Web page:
A federal appeals court unanimously rejected an attempt to get class-action certification in a suit filed by two customers against CarNow Acceptance Corp. and the operator of three J.D. Byrider franchises in Ohio.
The court also upheld an order requiring them to arbitrate their individual claims of truth-in-lending and consumer fraud violations against Docherty Motors Inc., which holds the J.D. Byrider franchises, and against T&J Acceptance Corp., which does business as CarNow.
The plaintiffs had been videotaped signing their financing documents, which included an agreement to arbitrate disputes, the 6th U.S. Circuit Court of Appeals in Cincinnati noted.
The decision 'reaffirms the policy of the courts that arbitration can be a way to quickly and inexpensively resolve problems between buyers and sellers of vehicles,' said defense lawyer Gary Johnson of Cleveland.
The unanimous ruling should encourage arbitration and deter litigation, he added.
But the plaintiffs' lawyer, Sylvia Antalis of Sandusky, said the court failed to address a key issue: 'Can a contract force a consumer to give up constitutional protections or the right to a jury trial?' Her clients probably will proceed to arbitration but probably also will ask the U.S. Supreme Court to add their case to a similar one now under review.
In 1998, James Stout bought a 1992 Chevrolet Camaro and Shirley Brown bought a 1991 Ford Fiesta at a J.D. Byrider store in Sandusky. The company's stores, the appeals court said, advertised that they provide financing to customers with imperfect credit records. The company offered that financing through CarNow, which operates franchises at all three locations, the decision said.
Stout and Brown sued for alleged fraud, truth-in-lending and consumer protection violations, contending that their cars had undisclosed damage and that they were defrauded into buying expensive service agreements.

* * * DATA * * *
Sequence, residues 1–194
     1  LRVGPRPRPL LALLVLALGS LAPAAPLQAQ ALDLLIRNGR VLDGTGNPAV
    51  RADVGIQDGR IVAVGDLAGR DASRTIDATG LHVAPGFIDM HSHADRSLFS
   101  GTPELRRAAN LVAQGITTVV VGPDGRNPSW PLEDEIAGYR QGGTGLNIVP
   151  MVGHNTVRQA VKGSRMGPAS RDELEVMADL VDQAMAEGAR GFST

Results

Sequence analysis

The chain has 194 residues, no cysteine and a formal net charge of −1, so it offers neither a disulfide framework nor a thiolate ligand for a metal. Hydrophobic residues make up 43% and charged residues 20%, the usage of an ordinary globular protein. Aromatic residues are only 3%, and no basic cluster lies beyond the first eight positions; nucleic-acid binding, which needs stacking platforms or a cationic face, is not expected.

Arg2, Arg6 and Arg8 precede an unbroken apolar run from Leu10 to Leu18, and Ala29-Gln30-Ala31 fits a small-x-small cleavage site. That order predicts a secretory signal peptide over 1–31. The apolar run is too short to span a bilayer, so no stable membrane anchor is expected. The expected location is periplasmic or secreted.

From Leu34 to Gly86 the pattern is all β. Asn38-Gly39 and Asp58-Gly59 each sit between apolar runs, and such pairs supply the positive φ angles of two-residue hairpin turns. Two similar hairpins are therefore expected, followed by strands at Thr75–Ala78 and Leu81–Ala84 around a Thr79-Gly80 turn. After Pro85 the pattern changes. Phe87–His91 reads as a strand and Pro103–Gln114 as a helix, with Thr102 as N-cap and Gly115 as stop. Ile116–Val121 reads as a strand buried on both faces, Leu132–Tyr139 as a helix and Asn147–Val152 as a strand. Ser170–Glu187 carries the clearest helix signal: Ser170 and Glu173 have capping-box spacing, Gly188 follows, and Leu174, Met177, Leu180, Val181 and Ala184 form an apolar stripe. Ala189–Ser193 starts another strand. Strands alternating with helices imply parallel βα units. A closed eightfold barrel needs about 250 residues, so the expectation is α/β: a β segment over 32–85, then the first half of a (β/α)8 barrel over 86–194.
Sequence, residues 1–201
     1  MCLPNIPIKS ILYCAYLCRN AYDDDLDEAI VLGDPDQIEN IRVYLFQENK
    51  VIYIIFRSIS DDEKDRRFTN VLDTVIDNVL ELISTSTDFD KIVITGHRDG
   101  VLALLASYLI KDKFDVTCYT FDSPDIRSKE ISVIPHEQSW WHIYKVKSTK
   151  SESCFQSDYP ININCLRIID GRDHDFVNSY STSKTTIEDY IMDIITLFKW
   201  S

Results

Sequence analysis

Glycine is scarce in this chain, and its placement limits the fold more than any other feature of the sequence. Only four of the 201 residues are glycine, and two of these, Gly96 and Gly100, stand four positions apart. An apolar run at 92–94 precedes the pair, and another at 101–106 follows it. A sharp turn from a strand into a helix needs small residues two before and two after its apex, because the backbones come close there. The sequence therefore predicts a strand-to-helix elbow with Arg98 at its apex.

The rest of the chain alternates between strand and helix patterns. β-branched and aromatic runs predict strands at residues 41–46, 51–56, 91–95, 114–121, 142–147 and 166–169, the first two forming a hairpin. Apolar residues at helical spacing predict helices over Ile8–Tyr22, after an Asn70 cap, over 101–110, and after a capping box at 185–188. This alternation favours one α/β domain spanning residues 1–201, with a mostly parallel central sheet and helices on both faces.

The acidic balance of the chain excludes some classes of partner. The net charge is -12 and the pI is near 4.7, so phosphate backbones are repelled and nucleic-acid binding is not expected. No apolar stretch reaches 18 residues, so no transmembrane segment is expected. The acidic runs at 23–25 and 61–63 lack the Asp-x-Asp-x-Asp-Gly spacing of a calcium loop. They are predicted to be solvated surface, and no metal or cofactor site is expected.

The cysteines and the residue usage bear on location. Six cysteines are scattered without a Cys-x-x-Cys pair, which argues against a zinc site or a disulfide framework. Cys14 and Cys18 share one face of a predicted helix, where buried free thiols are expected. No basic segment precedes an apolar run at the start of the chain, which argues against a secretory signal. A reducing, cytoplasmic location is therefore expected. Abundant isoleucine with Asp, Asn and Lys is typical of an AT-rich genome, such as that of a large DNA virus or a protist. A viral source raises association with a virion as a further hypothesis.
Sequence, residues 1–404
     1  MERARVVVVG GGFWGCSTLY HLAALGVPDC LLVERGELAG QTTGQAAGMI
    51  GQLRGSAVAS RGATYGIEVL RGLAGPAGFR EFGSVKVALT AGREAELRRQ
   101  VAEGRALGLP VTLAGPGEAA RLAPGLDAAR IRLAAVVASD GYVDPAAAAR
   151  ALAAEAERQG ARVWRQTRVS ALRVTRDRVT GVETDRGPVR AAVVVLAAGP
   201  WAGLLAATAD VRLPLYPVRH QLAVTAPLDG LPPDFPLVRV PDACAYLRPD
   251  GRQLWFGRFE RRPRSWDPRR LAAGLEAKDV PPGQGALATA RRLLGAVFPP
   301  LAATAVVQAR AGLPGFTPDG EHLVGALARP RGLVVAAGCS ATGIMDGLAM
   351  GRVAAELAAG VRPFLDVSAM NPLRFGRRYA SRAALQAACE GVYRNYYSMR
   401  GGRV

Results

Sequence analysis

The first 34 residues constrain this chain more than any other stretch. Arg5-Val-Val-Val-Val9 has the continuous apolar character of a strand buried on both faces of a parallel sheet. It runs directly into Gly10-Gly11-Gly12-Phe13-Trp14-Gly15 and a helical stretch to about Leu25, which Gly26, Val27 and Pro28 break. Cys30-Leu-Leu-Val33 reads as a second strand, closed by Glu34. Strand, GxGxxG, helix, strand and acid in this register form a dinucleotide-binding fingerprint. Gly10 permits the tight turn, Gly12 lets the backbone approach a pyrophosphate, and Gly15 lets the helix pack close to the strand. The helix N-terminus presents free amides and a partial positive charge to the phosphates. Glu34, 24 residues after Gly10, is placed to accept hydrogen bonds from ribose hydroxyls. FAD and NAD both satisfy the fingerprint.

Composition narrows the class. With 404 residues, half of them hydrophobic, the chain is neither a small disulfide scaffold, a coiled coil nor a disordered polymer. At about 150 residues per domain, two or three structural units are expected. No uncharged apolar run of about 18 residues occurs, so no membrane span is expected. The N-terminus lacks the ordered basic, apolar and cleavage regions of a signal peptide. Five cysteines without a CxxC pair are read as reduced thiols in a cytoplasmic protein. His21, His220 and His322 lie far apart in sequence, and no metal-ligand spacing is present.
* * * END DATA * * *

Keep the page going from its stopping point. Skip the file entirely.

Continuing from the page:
Stout's contract included a provision requiring arbitration through the American Arbitration Association, while Brown's required arbitration through the Better Business Bureau. Both their transactions were videotaped. Johnson said CarNow tapes such transactions for 'quality control' and to 'help identify a problem if something goes wrong.' Signs are posted advising customers of the taping, he said.
As for the lawsuit, Johnson said, 'Early in the proceedings, we offered to give them a refund and buy back the cars.'
U.S. District Judge James Gwin denied a request for class-action certification and ordered Brown and Stout to arbitrate their individual disputes.
The appeals court upheld that decision. It found no grounds to certify a class of consumers who bought vehicles from the three stores from 1993 until the present, saying there was no showing that common factual or legal issues are predominant.
The court also said there was no basis to conclude that the arbitration agreements were unconscionable and shouldn't be enforced.
You can e-mail Eric Freedman at [email protected]